Creating the Role of the CTO

According Brightline® research, the role of chief transformation officer (CTO) is increasingly recognized as an important element in achieving digital transformation (Brightline®, 2022). This individual must be able to understand and respect diverse stakeholder points of view and yet align all parties in pursuit of greater goals. To do so, the CTO must also be able to build trust in the process, so that stakeholders engage as owners and work to collaboratively drive change, rather than feeling that change is happening to them. Ultimately, the transformation leader must be able to mobilize the power that lies at the intersection of technology and human creativity, complexity, passion, and energy to build a permanent, company-wide changing capability.

Powering the People

The crucial realization must be that digital transformation—now more than ever—requires leaders to put the people first. At the end of the day, technology does not change organizations, people do. According to Brightline® research, organizations that focus on developing internal talent are more likely to transform faster and achieve greater results (Brightline®, 2020). If the notion of digital transformation and people is true, organizations need to harness the discretionary effort of its people to maximize the benefits of technology. Paradoxically, the more complex the technology solution, the more likely it is that external resources, rather than internal, will best bring sought-after capabilities and know-how. However, while external sourcing is the quickest way to a digitally enabled organization, changes in mindset, leadership, and general upskilling are required to sustain the change efforts.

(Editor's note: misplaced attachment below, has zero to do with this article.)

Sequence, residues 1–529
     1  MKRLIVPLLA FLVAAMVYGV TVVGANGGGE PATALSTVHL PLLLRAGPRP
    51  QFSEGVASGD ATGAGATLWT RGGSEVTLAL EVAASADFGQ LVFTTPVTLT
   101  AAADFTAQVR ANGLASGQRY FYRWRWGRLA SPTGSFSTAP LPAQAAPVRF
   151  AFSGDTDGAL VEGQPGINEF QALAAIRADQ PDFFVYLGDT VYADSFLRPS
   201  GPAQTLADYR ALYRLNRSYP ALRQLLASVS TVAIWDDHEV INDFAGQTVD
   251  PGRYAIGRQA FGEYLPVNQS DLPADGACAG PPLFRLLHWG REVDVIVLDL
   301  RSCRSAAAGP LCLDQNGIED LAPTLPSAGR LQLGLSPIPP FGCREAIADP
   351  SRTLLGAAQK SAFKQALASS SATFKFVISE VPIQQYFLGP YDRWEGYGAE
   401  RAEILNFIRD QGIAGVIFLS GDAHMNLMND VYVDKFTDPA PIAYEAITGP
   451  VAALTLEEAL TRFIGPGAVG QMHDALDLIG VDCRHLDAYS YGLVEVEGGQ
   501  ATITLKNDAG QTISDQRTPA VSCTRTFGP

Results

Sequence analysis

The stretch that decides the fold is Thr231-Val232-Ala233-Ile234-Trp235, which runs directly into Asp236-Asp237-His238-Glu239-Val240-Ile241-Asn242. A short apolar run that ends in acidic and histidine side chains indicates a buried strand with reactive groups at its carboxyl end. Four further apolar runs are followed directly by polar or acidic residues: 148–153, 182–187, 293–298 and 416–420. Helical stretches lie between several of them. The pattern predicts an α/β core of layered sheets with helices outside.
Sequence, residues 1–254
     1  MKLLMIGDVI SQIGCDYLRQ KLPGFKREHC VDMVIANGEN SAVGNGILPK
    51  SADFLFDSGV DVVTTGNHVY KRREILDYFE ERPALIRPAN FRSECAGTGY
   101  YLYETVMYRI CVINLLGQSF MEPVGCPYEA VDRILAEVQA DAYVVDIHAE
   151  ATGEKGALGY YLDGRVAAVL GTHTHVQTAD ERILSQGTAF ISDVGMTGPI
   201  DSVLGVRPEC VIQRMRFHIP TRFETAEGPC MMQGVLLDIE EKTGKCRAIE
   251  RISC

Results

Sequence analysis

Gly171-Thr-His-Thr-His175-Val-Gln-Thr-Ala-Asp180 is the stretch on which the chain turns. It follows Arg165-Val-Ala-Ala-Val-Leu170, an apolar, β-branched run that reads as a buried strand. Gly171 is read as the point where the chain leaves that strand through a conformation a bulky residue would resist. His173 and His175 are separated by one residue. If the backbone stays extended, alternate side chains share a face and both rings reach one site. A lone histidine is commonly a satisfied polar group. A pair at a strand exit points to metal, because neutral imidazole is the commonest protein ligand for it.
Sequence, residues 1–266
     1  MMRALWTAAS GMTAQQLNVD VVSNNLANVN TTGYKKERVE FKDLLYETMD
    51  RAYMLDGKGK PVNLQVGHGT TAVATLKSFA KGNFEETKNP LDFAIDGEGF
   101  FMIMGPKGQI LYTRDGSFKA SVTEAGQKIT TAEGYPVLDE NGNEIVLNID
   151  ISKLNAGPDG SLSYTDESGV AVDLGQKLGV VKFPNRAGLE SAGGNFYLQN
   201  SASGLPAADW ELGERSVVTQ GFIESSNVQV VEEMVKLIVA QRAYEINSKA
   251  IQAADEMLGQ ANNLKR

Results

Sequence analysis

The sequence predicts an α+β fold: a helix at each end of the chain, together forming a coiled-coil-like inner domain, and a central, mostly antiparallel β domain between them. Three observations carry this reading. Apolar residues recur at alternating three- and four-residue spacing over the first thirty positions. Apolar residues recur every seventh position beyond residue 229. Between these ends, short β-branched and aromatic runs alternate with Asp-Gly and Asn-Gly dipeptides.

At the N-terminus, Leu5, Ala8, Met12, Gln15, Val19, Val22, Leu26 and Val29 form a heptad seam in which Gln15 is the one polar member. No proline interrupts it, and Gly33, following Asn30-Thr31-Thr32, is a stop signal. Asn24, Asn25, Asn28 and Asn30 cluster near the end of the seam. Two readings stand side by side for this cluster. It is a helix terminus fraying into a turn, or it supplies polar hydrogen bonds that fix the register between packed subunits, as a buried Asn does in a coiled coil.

Focusing on the Customers

Together with the people in the organization, the organization’s customers are a leading force in any given digital transformation. A senior vice president in the transformation and finance department in a large telecommunications company told us: “[Transformation value] starts from the customer’s perspective. What are the pain points for the customer? How do they want to do business with [us]? You start there and say, ‘how do we go fix these things?’ Usually, if you can go fix some of those things it’s because of inefficient processes, old ways of doing things. If you fundamentally improve that customer experience, there’s value that comes out the back side of it, whether it’s retaining your customers longer, selling more to them, or actually making your teams more productive and more efficient” (Brightline®, 2022).

According to Brightline® research, evolving customer expectations was considered a top driver for enterprise transformation in 2022 (Brightline®, 2022).  Similarly, customer experience scores high for expected outcome and success criteria in enterprise transformation. While it is hardly surprising that customer experience tops the list vis-à-vis transformation drivers, expected outcome, and success criteria, it speaks volumes for our belief that customer insights are crucial for the success of a transformation initiative.

Conclusively, digital transformation is complex journey and requires significant efforts. By appointing a designated leader (like the CTO), powering the people, and focusing on the customers, organizations will address imperative elements for successful digital transformation.